Historically, African countries are associated with growing coffee, rather than coffee consumption, although recent activity suggests this might be changing. I came across a video from CNN about a coffee company in Nigeria, Café Neo, which demonstrates a growing trends for coffee shops.
Café Neo founded in 2012 describes itself as representing ‘a modern and vibrant approach to celebrating Africa’s coffee heritage’. The company has stores in number countries but with a concentration in Lagos, Nigeria (14 stores at the time of writing), and has ambitions to continue to grow to 20-30 stores over the next few years.
According to Ngozi Dozie CEO and co-founder, they want to bring back the best of coffee culture in Africa, and through Café Neo they are using a three-pronged approach: opening stores in downtown locations, opening stores in commercial buildings and selling Neo branded coffee and capsules.
Coffee: Africa’s Gift to business opportunity
The founders of Café Neo, Ngozi and Chijoke Dozie, view coffee as a gift to the continent and want to have the best coffee in Africa, drank in Africa (currently used Arabica beans grown in Rwanda). Having worked abroad, they are attempting to replicate the kinds of spaces they have seen in other countries, a coffee shop business which provides a place to have a drink, to work, with free wi-fi and jazz music, and providing a collaborative space for entrepreneurs to thrive. The menu wouldn’t look out of place in many other Starbucks-like stores around the world with coffee based drinks and juices, and a range of cakes and pastries. Acknowledging that they want to capture the market before Starbucks the founders highlight, “the demand (in Lagos) is very high. There’s a significant minority of people who love coffee and want to drink coffee but haven’t had access to coffee”.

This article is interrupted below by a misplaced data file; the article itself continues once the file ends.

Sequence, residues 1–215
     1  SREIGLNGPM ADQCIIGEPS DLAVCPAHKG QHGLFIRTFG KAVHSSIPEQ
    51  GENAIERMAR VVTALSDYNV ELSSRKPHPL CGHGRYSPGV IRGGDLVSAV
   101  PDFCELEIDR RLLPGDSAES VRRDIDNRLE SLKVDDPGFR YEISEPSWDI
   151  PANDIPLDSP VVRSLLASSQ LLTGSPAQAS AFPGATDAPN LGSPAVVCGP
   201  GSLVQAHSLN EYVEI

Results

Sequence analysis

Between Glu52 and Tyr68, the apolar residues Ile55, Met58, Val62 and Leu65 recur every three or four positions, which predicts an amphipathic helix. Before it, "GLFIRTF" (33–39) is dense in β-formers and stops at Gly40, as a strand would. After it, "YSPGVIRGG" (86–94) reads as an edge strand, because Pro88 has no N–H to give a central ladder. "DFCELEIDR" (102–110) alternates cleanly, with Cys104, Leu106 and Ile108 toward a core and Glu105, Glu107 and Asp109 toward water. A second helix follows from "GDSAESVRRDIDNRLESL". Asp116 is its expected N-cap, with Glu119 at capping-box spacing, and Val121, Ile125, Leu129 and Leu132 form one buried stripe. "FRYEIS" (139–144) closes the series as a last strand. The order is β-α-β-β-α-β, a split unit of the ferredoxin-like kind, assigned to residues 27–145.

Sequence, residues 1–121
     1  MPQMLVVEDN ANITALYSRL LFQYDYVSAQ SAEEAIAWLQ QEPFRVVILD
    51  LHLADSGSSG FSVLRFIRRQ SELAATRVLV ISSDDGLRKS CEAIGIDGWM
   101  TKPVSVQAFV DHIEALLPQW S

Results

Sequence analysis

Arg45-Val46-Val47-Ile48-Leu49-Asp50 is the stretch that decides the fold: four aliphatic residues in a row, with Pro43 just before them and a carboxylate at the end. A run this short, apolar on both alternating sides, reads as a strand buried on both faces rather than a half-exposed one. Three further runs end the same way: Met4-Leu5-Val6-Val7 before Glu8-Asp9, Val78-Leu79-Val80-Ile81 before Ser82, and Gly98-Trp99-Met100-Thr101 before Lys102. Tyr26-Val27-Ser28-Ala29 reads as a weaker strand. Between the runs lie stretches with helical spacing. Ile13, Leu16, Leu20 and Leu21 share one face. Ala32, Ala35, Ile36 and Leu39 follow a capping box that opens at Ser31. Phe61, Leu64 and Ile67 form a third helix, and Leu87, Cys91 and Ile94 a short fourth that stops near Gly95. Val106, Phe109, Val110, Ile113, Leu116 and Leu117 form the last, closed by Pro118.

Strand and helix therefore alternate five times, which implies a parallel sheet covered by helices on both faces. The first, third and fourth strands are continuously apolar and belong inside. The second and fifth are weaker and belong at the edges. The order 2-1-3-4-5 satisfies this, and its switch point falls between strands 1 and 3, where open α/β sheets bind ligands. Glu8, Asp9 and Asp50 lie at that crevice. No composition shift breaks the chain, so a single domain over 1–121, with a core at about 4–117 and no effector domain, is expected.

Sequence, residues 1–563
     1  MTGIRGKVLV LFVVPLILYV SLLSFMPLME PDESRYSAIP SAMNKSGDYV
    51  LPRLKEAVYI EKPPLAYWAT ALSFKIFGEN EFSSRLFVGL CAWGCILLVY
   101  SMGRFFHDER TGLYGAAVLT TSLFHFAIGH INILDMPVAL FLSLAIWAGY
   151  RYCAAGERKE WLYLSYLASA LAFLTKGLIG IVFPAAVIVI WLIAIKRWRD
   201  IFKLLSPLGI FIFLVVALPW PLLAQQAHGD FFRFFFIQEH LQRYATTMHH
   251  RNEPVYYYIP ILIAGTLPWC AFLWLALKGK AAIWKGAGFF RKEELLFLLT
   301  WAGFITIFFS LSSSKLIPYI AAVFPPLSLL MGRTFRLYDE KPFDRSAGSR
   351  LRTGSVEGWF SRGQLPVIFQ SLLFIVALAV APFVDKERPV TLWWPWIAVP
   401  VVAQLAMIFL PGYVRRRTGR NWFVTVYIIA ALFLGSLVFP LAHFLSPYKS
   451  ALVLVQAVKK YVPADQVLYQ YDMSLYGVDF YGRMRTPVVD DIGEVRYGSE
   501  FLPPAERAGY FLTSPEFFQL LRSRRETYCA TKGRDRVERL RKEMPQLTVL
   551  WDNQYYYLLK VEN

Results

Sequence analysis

While the Nigerian market might appear challenging to some international companies, not at least because of the infrastructure costs related to keeping electricity going through power shortages, it has not stopped companies such as KFC, Dominos or more recently Krispy Kreme from trying to establish themselves in Nigeria. It will be interesting to see how long it will be before Starbucks or Costa Coffee try to establish themselves there too, given the clear interest in these types of spaces. At present, there is not a huge amount of competition, but the number of coffee shops is beginning to rise. One example is Umutu Coffee Co, which describes itself as a Nigerian Gather House has a flagship store in Lagos airport, as well as a store in Victoria Island, the area of the city where Café Neo stores concentrate.
Beyond the border
Outside of Nigeria, across Africa, there are signals of coffee shop growth. Starbucks opened its first store in South Africa in 2016 recognising a market that was ‘vibrant and growing’. As explored in this Ventures Africa article, there are a number of companies alongside Café Neo who have sought to develop coffee shops in Africa: Deluxe Coffeeworks – Gardens, Cape Town; Café du Livre, Marrakesh; Tomoca Coffee Shop, Ethiopia (established in 1953); and Cuppa Cappuccino, Accra. And there are other successful coffee shop chains: in Ethiopia, Kaldi’s Coffee was founded in 2005 and has over 30 stores across Addis Ababa; and Java House which established its first outlet in 1999 now has over 35 outlets across Kenya and Uganda. And it’s not just coffee shops trying to emulate the western style chain coffee shops, there are a rising number of independent coffee shops too, as explored in this blog post from Coffey and Cake which highlights some of the best coffee shops in South Africa, or from the Culture Trip on coffee shops in Nairobi, Kenya. Africa is a diverse continent, growing a wide variety of coffees and if current trends continue, most likely it will develop a variety of coffee shop cultures too.